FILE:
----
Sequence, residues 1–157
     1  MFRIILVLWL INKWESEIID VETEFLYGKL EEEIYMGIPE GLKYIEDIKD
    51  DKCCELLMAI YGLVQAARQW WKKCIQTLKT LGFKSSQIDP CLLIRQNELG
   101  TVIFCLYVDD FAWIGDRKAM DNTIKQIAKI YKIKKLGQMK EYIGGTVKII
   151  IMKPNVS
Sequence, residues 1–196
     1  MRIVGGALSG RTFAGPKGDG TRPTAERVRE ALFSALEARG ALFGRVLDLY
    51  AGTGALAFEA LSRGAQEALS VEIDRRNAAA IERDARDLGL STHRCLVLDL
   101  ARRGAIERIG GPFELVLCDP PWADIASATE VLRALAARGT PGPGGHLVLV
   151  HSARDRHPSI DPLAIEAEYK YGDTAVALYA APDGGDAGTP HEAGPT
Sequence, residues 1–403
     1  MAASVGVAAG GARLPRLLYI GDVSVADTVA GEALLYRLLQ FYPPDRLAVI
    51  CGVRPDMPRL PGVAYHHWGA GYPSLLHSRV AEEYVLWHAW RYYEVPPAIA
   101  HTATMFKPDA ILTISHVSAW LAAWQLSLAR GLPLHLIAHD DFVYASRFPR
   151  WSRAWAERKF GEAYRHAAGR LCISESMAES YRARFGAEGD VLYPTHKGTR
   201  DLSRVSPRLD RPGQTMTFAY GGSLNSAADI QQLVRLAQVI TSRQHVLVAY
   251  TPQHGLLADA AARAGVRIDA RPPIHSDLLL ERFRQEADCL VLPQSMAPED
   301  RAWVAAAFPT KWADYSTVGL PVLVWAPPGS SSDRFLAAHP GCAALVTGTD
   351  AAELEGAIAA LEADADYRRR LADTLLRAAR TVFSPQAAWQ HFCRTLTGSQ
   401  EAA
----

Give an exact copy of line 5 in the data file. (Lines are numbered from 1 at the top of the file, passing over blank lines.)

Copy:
   151  IMKPNVS